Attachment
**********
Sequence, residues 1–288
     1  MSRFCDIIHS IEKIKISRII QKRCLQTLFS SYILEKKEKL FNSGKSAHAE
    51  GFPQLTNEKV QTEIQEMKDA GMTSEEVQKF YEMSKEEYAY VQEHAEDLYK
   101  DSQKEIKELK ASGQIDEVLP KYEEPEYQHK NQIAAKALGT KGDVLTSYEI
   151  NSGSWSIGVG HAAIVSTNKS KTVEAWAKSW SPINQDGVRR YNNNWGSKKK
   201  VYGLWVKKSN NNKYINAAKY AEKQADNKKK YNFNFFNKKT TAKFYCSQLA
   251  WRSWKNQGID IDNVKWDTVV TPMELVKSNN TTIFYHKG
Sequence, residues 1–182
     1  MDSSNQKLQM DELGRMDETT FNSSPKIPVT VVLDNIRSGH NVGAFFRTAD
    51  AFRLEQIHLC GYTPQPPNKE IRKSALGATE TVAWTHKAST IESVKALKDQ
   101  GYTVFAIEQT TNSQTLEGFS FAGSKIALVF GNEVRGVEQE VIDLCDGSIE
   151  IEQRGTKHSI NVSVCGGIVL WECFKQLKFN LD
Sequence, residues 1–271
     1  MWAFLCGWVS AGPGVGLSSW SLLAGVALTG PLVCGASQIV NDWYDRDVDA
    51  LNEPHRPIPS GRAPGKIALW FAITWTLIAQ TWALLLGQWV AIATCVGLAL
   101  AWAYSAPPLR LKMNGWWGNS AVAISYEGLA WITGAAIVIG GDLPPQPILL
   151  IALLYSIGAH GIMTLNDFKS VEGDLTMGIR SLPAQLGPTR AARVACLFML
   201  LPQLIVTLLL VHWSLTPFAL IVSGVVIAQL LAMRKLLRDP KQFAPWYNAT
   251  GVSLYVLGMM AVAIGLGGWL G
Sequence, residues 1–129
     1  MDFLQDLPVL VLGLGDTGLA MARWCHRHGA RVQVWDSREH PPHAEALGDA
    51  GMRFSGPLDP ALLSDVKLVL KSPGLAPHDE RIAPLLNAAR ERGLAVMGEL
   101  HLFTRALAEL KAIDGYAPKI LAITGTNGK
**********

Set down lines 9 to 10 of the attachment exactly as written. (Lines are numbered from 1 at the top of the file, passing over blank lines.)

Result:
     1  MDSSNQKLQM DELGRMDETT FNSSPKIPVT VVLDNIRSGH NVGAFFRTAD
    51  AFRLEQIHLC GYTPQPPNKE IRKSALGATE TVAWTHKAST IESVKALKDQ